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Google and WPP Announce Partnership to Reinvent Advertising with AI

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Google and the world's biggest advertising group have announced a landmark AI partnership.

Google and WPP say that they will now collaborate to help the ad agency giant use Google's AI to produce ads. According to WPP:

“As part of the collaboration, Google Cloud's advanced gen AI tools will be used with WPP's proprietary marketing and advertising data. This will enable WPP’s clients to create brand- and product-specific content using gen AI, to gain deeper insights into their target audiences, to accurately predict and explain content effectiveness, and to optimise campaigns with ongoing adaptive processes.”

As part of it, Google's Gemini models will get used with WPP's existing AI, called WPP Open. Which means WPP clients Coca-Cola, L’Oréal, and Nestlé could soon be making ads using Google's AI.

The companies say the first phase of the partnership focuses on four use cases:

  1. Enhanced creativity. WPP will use Gemini 1.5 Pro for basic creative tasks like writing headlines.
  2. Content optimization. Gemini will upgrade an existing WPP system that predicts content performance.
  3. AI narration. WPP will use Gemini to automatically create video narration scripts. They will then generate synthetic voices for videos using these scripts. Those voices will come from another AI company, ElevenLabs.
  4. Product representation. WPP will use Google's generative AI to create product images.

This isn't the first time a big agency has gone all-in on AI. (We reported previously on Publicis' massive investments into AI.) But it marks just how quickly the agency world is changing thanks to AI.

What should agency leaders be paying attention to here? What steps should they be taking to stay relevant in the age of AI?

I got the answers from Marketing AI Institute founder / CEO Paul Roetzer on Episode 92 of The Artificial Intelligence Show.

The race to reinvent ad agencies is on

"It’s a race to reinvent ad agencies," says Roetzer.

WPP's partnership with Google is part of a whopping annual investment of $318M in AI. (Publicis, who we reported on previously, is spending $326M in the next 3 years on AI.

And, it sounds like that level of investment is necessary.

"They’re in a really challenging environment where AI capabilities are accelerating really fast," says Roetzer.

But every agency is dealing with massive uncertainty

The speed of AI innovation is introducing massive uncertainty into the agency model.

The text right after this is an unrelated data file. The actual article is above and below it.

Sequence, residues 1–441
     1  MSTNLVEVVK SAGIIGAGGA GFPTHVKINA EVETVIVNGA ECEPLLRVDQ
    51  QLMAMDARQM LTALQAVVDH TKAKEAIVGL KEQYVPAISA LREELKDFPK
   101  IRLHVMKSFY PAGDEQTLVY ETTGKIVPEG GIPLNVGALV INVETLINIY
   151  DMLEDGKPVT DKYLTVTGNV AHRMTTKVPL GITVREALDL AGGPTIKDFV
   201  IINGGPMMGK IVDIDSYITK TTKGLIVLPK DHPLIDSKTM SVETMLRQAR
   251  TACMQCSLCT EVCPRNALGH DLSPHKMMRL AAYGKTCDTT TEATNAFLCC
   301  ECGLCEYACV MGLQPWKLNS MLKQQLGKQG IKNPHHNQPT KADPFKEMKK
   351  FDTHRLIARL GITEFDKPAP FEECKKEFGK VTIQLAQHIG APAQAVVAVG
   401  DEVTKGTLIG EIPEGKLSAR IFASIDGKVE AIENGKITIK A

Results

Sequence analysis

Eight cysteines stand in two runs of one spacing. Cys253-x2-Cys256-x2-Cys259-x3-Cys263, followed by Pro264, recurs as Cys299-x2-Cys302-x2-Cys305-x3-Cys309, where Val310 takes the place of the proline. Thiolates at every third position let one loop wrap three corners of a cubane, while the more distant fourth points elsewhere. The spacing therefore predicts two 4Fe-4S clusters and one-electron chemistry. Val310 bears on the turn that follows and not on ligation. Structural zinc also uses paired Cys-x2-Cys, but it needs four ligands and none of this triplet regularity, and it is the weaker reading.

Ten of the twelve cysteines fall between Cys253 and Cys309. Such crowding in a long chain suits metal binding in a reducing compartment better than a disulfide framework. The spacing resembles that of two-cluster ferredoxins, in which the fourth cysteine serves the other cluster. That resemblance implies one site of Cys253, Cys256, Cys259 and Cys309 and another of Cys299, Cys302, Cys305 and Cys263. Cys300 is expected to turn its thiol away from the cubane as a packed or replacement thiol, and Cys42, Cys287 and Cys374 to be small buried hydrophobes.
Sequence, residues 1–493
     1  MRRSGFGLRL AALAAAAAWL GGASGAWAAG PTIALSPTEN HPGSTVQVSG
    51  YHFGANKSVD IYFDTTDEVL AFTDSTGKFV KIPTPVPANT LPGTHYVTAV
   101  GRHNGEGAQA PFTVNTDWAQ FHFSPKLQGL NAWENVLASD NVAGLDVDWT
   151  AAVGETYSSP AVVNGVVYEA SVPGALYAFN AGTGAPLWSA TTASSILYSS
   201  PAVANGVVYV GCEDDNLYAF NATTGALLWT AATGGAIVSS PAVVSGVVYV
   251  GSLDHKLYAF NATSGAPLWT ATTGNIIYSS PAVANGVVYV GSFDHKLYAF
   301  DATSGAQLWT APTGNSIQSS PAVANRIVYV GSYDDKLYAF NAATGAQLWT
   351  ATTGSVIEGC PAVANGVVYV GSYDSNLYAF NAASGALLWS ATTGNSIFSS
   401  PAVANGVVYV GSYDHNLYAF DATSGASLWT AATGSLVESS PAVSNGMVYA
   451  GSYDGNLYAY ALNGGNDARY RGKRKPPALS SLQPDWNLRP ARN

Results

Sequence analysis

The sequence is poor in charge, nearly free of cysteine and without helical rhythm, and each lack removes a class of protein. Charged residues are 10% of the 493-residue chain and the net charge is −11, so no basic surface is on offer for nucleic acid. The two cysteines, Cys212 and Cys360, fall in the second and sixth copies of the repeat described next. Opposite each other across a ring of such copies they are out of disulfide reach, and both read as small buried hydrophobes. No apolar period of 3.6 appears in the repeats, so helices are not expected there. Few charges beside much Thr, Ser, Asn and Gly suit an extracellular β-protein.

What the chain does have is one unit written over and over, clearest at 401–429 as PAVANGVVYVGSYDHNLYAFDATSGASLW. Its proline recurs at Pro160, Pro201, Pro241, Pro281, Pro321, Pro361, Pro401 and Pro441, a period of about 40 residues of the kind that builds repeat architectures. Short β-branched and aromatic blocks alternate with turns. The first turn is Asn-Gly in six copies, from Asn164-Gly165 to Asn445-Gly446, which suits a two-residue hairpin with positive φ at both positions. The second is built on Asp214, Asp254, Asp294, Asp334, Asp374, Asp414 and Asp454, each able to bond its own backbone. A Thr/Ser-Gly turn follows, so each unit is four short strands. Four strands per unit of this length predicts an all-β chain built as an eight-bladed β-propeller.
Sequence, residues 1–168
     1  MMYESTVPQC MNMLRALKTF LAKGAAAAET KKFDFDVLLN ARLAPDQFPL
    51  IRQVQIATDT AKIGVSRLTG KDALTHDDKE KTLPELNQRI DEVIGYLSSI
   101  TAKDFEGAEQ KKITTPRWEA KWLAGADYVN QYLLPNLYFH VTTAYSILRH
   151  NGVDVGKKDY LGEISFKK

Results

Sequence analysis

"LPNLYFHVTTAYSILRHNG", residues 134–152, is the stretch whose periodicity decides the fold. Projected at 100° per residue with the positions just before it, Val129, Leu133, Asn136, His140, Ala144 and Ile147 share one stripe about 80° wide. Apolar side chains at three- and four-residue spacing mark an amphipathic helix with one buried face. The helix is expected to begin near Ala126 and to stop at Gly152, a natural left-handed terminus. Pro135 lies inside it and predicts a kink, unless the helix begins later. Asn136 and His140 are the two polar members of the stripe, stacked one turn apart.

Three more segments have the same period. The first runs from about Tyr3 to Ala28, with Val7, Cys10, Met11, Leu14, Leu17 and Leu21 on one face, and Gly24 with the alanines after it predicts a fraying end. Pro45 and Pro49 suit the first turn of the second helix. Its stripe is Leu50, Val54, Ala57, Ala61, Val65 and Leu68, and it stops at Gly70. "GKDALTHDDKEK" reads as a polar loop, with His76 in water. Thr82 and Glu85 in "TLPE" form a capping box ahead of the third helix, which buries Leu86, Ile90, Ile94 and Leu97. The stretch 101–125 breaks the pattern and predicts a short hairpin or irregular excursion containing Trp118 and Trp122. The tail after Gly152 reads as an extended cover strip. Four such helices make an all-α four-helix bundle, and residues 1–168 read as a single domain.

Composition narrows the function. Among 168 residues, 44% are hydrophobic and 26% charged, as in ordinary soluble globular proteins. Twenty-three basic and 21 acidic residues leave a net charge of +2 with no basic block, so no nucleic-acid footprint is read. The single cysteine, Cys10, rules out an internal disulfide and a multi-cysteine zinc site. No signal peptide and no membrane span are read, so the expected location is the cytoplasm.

AI models are quickly becoming truly multimodal. They now generate and understand text, images, video, music, code, and ideas. GPT-5, and GPT-5 class models, are coming. And these tools enable creative output at scale.

"Agencies aren't just competing with each other anymore," says Roetzer. "They're now competing with $20 a month technology that does things that used to require 30 person teams in all these different disciplines in creative, strategy, design, video production, audio production, and more."

That raises uncomfortable questions about agencies.

"What won’t I be able to do with one of these models that I would usually pay a big agency for?," asks Roetzer. Do we need as many humans doing creative when AI is great at creative? Does an agency need as many people overall given AI's capabilities?

And it's not clear agencies are moving fast enough

And it's not clear that agencies like WPP are moving fast enough. Or taking the speed of AI seriously enough.

WPP is already struggling. Despite the AI investments, the business simply isn't growing that much right now. The company's organic revenue was up just 0.3% in Q4 as clients tighten belts.

During recent earnings reports, WPP's CEO Mark Read commented on OpenAI's Sora, which generates videos. When asked about the impact on WPP's business, Read responded:

“I don’t think it changes our strategy ... I think it reinforces what we are doing. What clients need is work that’s copyright-proof, that [is] able to accurately represent their brands and reality. And Sora is not yet at that stage.” 

"That's a dangerous response," says Roetzer, given that Sora is still in limited preview and we don't fully know what it's capable of.

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